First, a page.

Dr Charles Murray, in his excellent book “Coming Apart: The State of White America 1960-2010” talks about “super zips” where the “cognitive elite” are congregating. These zip codes have both the highest median incomes and the highest amount of college graduates. Earlier this week, the Washington Post published a map with every zip code in the nation, based on Dr. Murray’s information, broken down by income and college education and is an excellent demonstration of our increasing bifurcating society. The DC area of course has the highest cluster of these “super zips”. (We have previously discussed why on this website)
In short, a Zip ranking between 0 and 99 represents the average of a zip code’s percentile ranks in college education and income. A ranking of 95 and higher qualifies the zip code as a “Super Zip”.
For example, the ranking for 20148 (Brambleton area) is 99.
20197 (Waterford), 20152 (South Riding) ranked 98
20147 (Ashburn/Broadlands area) and 20165 (Cascades area of Sterling) both ranked 97
20105 (Aldie) ranked 96
20132 (Purcellville), 20158 (Hamilton) 20141 (Round Hill) 20166 (Dulles area of Sterling) all ranked 95 (yes, parts of Sterling are “super zips”)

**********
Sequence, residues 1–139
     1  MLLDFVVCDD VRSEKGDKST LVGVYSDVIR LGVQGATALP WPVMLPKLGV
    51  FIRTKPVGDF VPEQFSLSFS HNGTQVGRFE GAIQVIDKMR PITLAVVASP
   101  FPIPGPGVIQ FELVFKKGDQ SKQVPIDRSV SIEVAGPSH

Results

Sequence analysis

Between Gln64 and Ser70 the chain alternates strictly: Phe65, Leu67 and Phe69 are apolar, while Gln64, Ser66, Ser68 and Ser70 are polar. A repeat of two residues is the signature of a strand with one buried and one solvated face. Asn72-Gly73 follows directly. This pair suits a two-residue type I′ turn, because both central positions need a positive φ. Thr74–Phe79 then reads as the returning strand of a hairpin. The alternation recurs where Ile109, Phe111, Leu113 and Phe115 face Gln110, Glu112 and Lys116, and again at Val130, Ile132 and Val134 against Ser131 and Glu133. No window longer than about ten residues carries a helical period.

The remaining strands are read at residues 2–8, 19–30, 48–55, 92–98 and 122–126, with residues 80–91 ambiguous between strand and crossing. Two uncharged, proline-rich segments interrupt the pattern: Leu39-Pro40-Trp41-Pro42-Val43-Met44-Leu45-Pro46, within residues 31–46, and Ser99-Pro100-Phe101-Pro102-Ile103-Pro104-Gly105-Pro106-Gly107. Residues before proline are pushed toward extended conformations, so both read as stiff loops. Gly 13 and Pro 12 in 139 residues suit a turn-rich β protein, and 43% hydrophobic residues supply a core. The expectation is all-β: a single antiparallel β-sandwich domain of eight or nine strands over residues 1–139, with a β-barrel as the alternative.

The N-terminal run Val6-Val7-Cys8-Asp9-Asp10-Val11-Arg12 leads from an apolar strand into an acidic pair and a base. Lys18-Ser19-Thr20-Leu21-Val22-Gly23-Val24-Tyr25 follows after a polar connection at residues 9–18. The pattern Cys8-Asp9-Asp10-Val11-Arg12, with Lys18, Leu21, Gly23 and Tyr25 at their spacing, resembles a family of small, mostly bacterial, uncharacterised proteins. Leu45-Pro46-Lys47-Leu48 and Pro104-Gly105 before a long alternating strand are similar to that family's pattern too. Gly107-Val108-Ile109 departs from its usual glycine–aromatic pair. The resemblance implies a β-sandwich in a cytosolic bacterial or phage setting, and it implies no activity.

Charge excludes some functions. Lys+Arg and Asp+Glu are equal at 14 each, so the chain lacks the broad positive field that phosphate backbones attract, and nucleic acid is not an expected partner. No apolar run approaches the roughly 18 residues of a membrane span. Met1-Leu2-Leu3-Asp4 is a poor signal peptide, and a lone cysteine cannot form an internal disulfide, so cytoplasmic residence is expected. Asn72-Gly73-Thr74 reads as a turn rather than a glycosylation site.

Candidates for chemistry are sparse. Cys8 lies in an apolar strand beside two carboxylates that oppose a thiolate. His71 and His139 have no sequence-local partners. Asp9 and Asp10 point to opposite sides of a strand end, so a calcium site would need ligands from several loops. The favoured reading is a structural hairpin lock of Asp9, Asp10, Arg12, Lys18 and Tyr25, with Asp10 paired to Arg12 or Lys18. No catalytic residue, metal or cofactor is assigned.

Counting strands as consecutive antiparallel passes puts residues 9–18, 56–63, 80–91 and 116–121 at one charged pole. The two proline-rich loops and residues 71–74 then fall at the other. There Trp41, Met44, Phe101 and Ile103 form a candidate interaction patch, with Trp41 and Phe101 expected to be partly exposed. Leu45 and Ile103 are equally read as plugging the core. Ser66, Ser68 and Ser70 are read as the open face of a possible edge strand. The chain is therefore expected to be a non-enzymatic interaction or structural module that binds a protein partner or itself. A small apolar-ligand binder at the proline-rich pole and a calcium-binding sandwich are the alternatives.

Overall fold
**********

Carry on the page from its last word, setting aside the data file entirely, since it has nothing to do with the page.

A few Loudoun zip codes just missed “super zip” status:
20175, 20176 (both Leesburg), 20177 (Middleburg) all ranked 94
Now, consider the fact that this is just Loudoun County that we are speaking of (Fairfax County for example has several as well) and that hundreds of other territories across the union don’t even have ONE. Also consider that 20032 (South East DC’s Anancostia area) scored a 13 and 21223 in West Baltimore (of ‘The Wire’ fame) scored a 4 (yes, Four). Some inner city areas in other states scored a flat ZERO.
Click here to see the map and enter a zip code to see how it is broken down.
This is from the Washington Post:
Yet many who live in these rapidly evolving communities do not think of themselves as rich or elite. The cost of living, particularly for housing, eats up a large chunk of the two incomes it typically takes to afford a comfortable home in a good school district.
Life surrounded by affluence can also breed worries that might seem absurd to people who do not live in Super Zips — such as whether to hire a professional tennis coach to help a child make the school team, or get an iPhone for a child in elementary school. Some question whether their children can achieve the same level of comfort as adults they know now.
So do the children themselves.
“My parents set me up with something great,” said Heather Burns, 23, adding that she grew up hearing her Loudoun home town of Ashburn described as “Cashburn” — as in “cash to burn.”
Burns said being raised in an area with good schools gave her a foundation to succeed. Even so, she said she may soon move away: “I can’t afford to keep up their lifestyle.”
Indeed, and when/if the gov’t spigot gets turned down significantly, neither will a lot of other people…